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Elif Batuman’s Either/Or is a portrait of the artist as a young idiot

Batuman’s second novel is shaggy, strange, and sweet.

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Either/Or by Elif Batuman.
Left: Penguin Press. Right: Valentyn Kuzan.
Constance Grady is a senior correspondent on the Culture team for Vox, where since 2016 she has covered books, publishing, gender, celebrity analysis, and theater.

The Idiot, Elif Batuman’s charmingly deadpan debut novel of 2018, was unconventional as coming of age stories go. The protagonist, Selin, took very few concrete actions, and at the end she informed us that she “hadn’t learned anything at all.” Either/Or, Batuman’s follow-up to The Idiot and a direct sequel, shares its predecessor’s dryly understated wit, but it does so with a far more conventional structure. By the end of Either/Or, Selin has definitely learned something.

Selin is an undergraduate at Harvard in the 1990s, just as email is beginning to become A Thing. In The Idiot, she carried out a flirtation with an enigmatic Hungarian mathematician named Ivan almost entirely by email, all the while studying linguistics and thinking very hard about the relationship between language and meaning. When she followed Ivan to Hungary at the end of her freshman year, though, their relationship ended without so much as a kiss. All that harping on language in her classes and emails hadn’t helped her much at all once she tried to take her love story out into the real world.

Now, as Either/Or begins, Selin steps into her sophomore year determined to take on a new outlook on life. She’s switched her major from linguistics to literature, and having decided she wants to be a novelist, she commits herself to learning how to live an aesthetic life. The trouble is, she’s not quite sure how to go about doing such a thing.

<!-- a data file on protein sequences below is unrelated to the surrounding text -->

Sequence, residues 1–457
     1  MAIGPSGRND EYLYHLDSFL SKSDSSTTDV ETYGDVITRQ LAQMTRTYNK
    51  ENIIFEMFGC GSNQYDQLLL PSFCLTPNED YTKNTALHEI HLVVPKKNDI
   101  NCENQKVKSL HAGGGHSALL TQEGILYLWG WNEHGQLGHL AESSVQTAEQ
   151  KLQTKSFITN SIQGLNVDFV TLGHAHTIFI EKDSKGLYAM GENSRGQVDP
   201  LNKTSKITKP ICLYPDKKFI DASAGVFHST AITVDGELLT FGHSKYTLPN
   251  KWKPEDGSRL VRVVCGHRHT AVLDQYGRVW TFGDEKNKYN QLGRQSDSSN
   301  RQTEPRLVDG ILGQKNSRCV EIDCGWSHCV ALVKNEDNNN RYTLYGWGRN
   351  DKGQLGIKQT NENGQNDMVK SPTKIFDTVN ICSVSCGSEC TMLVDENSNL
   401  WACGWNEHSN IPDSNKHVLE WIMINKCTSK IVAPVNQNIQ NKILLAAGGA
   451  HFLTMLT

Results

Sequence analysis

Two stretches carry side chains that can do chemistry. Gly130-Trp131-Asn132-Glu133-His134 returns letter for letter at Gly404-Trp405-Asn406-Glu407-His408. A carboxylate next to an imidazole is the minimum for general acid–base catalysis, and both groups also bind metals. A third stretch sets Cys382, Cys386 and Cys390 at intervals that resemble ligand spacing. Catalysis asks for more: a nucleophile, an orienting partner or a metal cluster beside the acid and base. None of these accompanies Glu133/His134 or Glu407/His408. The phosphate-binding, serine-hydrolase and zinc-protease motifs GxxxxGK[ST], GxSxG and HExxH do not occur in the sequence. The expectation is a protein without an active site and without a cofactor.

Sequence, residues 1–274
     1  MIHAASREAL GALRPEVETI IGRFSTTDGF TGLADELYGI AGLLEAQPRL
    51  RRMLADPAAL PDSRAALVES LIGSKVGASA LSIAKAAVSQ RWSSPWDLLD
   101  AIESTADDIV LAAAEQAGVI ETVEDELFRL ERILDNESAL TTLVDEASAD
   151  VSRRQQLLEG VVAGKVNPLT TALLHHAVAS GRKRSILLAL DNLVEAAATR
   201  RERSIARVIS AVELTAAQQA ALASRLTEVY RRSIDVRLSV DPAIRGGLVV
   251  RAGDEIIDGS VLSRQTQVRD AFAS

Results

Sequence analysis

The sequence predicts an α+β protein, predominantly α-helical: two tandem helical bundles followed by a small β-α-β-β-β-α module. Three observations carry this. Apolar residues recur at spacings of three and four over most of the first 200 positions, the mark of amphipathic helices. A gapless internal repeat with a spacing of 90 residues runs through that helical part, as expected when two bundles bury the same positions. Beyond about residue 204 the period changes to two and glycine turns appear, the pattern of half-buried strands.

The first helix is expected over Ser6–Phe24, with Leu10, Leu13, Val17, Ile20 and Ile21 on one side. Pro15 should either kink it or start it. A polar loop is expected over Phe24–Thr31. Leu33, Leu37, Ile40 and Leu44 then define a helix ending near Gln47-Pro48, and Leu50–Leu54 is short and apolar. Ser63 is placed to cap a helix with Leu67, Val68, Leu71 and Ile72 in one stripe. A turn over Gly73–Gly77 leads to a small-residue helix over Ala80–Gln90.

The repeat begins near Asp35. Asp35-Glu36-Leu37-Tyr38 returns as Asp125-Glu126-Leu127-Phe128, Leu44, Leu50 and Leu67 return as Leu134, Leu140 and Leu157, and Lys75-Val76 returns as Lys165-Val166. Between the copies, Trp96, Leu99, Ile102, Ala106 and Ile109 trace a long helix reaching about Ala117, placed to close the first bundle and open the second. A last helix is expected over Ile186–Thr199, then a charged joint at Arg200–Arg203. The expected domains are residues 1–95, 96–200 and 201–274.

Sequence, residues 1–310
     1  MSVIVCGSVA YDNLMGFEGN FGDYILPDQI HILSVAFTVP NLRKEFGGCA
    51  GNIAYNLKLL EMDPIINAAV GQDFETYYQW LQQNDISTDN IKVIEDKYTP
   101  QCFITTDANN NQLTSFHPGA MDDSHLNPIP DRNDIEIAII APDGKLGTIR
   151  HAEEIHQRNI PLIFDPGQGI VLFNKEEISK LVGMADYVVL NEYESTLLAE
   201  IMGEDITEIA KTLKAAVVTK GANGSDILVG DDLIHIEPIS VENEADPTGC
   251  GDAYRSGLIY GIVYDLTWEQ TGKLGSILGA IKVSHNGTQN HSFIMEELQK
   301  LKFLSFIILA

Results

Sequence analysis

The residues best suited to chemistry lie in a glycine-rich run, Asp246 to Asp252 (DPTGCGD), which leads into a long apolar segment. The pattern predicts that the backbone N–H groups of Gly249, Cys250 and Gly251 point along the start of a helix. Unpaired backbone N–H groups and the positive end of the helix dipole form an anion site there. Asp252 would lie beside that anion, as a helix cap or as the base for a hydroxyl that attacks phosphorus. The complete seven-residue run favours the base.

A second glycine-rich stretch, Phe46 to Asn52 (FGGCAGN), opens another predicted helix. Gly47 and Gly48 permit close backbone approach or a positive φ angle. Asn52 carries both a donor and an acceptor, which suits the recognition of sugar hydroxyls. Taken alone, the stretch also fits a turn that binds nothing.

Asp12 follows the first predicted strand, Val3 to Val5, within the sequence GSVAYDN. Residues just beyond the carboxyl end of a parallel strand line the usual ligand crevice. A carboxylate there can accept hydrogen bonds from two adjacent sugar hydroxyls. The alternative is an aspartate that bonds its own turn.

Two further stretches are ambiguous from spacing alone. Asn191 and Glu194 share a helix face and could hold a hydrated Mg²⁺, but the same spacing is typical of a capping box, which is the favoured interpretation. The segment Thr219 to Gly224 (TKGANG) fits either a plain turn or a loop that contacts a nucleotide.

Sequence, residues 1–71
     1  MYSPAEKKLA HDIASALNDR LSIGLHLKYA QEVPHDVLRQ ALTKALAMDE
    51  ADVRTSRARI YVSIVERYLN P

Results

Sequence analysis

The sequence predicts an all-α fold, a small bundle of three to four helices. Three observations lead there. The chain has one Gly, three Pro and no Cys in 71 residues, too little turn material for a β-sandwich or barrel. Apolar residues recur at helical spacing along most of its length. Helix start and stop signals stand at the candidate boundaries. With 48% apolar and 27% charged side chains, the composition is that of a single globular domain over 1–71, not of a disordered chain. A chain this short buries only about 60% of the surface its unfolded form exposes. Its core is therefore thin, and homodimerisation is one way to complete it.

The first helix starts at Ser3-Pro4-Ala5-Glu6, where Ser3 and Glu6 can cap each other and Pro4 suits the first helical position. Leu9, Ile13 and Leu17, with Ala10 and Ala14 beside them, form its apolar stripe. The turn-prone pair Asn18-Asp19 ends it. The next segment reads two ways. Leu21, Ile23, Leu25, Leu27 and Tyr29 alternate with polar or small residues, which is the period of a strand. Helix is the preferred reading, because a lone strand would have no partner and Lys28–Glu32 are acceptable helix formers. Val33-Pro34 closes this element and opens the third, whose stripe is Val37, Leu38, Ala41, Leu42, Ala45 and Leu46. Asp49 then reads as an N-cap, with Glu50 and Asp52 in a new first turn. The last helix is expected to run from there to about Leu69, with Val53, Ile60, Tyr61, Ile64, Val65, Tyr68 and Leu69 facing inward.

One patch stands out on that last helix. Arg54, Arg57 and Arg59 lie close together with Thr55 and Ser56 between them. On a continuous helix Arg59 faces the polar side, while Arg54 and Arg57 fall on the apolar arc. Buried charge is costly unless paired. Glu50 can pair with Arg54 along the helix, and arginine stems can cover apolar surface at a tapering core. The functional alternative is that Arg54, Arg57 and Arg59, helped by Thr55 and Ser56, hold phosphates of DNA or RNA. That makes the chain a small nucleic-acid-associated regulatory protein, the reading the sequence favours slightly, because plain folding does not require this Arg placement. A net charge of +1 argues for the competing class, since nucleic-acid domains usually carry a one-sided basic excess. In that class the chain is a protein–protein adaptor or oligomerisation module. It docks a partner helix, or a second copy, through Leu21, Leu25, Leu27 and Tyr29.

Søren Kierkegaard’s philosophical treatise Either/Or, which Selin encounters early on in the novel and which gives this volume its title, presents the aesthetic life as the counterpart to the ethical life of marriage and children. (The Idiot was named after the Fyodor Dostoevsky novel of the same name, and Batuman’s 2010 memoir The Possessed also took its title from Dostoevsky.) Selin, who has no interest in either marrying or having kids, pounces on it eagerly, but she’s disappointed to find that Kierkegaard’s version of the aesthetic life mostly revolves around seducing and then abandoning young women. When Selin reads his account, she recognizes herself not in the seducing aesthete but in his victim, the heartbroken Cordelia.

“Was there a way of viewing Cordelia’s situation as not bad, or as bad for only historically contingent reasons?” Selin wonders with a hint of desperation. “Was there a version of ‘The Seducer’s Diary’ where they were equal?”

Lacking a clear map forward from one of her textbooks, Selin is left to improvise as best she can. She signs up for a class on chance. She experiments with making only the decisions she would want a character in a novel to make, on the grounds that at a certain point, she can just write down everything that happens to her and that will be a book. And she decides, with a little less remove than perhaps she would like to suggest, to lose her virginity.